- In contrast, clean-up after Ike was done at the behest of insurance companies, who, according to the government report, "paid 98% of claims at first submittal, compared to government agency rates of less than 20%".  Therefore, what money was to be spent, was spent...now, not later.  And not delayed until the claimant gave up.

The report concluded that government agencies lack the ability to hold individuals accountable.  Annual raises happen regardless of merit, whereas an insurance company employee may receive no raise, or even be dismissed.  Further, for-profit insurance companies have strong incentive to get issues resolved, whereas the culture in government is that the longer a problem exists, the more justification there is for funding the department.  "If we are to be honest with the citizens we are charged with serving, we should be advocating, more than anything else, that they all purchase hazard insurance from any of the for-profit insurance companies that offer it, because of the vastly superior service in claims payout."  and... "If government agencies truly wish to become more efficient, and serve the public better, we could find few better models to adopt than that of for-profit insurance companies."

I found the report enlightening.

- k
Logged
K5END
Member

Posts: 1309




Ignore
« Reply #7 on: February 08, 2010, 08:50:04 PM »

I had a cohort check with some of the Fed agencies that are involved in disaster relief.  He found a joint agency internal report...intended for reading by cabinet-level appointees, but because of FOIA, it's available to the public.  He's going to try to find the URL where the government has posted it, but it's likely to be a "moveable" URL - if the government wants a public document to not be found, they have ways.

Here's the summary:

- Hurricane Ike hit an area of the country whose population has a strong belief in self-sufficiency.  One result of this is that they believe in insuring themselves.  On the other hand, Katrina hit an area of the country whose local culture is less prone to paying for things they can routinely do without - like insurance.  This is not merely due to income disparity: two families at the same income level make dramatically different decisions about insurance, depending on where they live.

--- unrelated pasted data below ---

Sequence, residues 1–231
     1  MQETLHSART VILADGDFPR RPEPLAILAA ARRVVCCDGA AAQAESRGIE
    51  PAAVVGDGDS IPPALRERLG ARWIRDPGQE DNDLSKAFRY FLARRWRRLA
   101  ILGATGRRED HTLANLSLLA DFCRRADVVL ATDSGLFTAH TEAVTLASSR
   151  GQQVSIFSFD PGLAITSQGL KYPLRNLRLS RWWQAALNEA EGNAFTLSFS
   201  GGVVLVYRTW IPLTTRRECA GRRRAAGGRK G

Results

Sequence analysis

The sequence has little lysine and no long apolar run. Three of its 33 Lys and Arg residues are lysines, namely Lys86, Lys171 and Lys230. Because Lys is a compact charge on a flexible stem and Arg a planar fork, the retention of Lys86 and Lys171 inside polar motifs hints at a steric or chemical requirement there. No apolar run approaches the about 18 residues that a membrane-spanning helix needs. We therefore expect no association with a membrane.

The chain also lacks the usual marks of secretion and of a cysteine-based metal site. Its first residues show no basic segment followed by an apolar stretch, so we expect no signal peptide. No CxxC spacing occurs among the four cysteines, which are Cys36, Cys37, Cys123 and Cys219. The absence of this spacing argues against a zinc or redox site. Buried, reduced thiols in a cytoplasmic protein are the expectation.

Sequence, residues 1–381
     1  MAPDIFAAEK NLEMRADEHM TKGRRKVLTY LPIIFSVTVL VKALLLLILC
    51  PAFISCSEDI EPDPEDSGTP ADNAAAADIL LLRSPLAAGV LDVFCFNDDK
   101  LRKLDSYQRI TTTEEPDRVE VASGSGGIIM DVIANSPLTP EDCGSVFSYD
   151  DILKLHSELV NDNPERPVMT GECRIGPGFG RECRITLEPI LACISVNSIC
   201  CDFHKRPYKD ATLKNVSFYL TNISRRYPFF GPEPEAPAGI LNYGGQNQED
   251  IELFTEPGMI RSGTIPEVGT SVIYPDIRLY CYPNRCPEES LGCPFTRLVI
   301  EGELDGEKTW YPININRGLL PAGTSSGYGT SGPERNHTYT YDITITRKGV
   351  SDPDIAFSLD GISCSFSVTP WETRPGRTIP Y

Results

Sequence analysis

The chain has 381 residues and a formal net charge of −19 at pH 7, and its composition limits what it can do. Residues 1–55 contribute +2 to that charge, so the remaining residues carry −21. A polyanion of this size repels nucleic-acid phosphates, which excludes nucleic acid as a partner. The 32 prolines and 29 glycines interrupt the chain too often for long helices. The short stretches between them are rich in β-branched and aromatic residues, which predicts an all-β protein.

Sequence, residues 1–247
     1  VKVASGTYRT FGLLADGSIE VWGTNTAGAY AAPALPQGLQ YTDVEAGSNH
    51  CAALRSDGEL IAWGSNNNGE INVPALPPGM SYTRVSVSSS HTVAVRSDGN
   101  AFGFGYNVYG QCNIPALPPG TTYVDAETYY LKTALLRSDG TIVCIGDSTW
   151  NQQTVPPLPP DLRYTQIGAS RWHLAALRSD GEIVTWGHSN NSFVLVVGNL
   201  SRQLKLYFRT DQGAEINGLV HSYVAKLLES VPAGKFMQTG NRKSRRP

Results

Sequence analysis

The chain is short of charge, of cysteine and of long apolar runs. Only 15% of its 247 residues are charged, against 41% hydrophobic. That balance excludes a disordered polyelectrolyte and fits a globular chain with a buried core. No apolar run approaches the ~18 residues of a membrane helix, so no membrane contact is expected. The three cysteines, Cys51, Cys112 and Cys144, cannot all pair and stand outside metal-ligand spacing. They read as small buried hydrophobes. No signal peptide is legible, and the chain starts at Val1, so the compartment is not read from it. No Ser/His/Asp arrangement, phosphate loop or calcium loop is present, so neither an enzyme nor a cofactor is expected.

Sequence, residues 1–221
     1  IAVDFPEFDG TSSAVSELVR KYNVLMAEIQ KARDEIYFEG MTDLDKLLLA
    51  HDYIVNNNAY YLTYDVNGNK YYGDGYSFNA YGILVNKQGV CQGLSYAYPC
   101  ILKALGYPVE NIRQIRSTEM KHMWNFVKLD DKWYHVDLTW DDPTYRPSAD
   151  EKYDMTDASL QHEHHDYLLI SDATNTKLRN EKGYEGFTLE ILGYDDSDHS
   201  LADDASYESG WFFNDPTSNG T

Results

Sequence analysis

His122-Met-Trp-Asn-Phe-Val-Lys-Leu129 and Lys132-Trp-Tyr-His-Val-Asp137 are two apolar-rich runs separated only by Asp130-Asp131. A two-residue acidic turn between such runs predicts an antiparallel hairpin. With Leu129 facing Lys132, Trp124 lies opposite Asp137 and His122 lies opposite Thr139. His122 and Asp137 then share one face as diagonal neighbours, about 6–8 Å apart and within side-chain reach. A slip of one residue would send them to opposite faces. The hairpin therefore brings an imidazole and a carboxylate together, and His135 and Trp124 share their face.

- As a result, the disaster clean-up for Katrina was largely performed by government agencies.  In an effort to keep costs down, these agencies are compelled to deny claims.  And they did so, vigorously.  They were further hampered by administrative burdens and bureaucracy.  The present administration has implemented both executive orders and congressionally-passed rules that will increase the overhead and bureucracy, in the name of "accountability" and "more open government".

- In contrast, clean-up after Ike was done at the behest of insurance companies, who, according to the government report, "paid 98% of claims at first submittal, compared to government agency rates of less than 20%".  Therefore, what money was to be spent, was spent...now, not later.  And not delayed until the claimant gave up.

The report concluded that government agencies lack the ability to hold individuals accountable.  Annual raises happen regardless of merit, whereas an insurance company employee may receive no raise, or even be dismissed.  Further, for-profit insurance companies have strong incentive to get issues resolved, whereas the culture in government is that the longer a problem exists, the more justification there is for funding the department.  "If we are to be honest with the citizens we are charged with serving, we should be advocating, more than anything else, that they all purchase hazard insurance from any of the for-profit insurance companies that offer it, because of the vastly superior service in claims payout."  and... "If government agencies truly wish to become more efficient, and serve the public better, we could find few better models to adopt than that of for-profit insurance companies."

I found the report enlightening.

- k

And what kind of insurance is the gub-ment going to take over soon?

Does this mean that my health care management will be done as poorly as was the Katrina mop up?
Logged
K0BG
Member

Posts: 9879


WWW

Ignore
« Reply #8 on: February 09, 2010, 06:19:29 AM »

Hey Larry, I got an idea. What say we get together all of the necessary supplies, put it in a box, and sell it as a DYI appendectomy surgery kit? If that one goes, perhaps a DYI vasectomy!
Logged

N2EY
Member

Posts: 3894




Ignore
« Reply #9 on: February 09, 2010, 09:47:58 AM »

K5END asks: "Does this mean that my health care management will be done as poorly as was the Katrina mop up?"